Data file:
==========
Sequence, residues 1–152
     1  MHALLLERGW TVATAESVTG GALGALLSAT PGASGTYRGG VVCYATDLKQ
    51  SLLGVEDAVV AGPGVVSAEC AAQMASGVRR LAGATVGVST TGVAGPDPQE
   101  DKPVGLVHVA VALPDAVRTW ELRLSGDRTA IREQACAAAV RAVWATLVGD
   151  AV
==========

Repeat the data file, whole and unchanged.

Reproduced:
Sequence, residues 1–152
     1  MHALLLERGW TVATAESVTG GALGALLSAT PGASGTYRGG VVCYATDLKQ
    51  SLLGVEDAVV AGPGVVSAEC AAQMASGVRR LAGATVGVST TGVAGPDPQE
   101  DKPVGLVHVA VALPDAVRTW ELRLSGDRTA IREQACAAAV RAVWATLVGD
   151  AV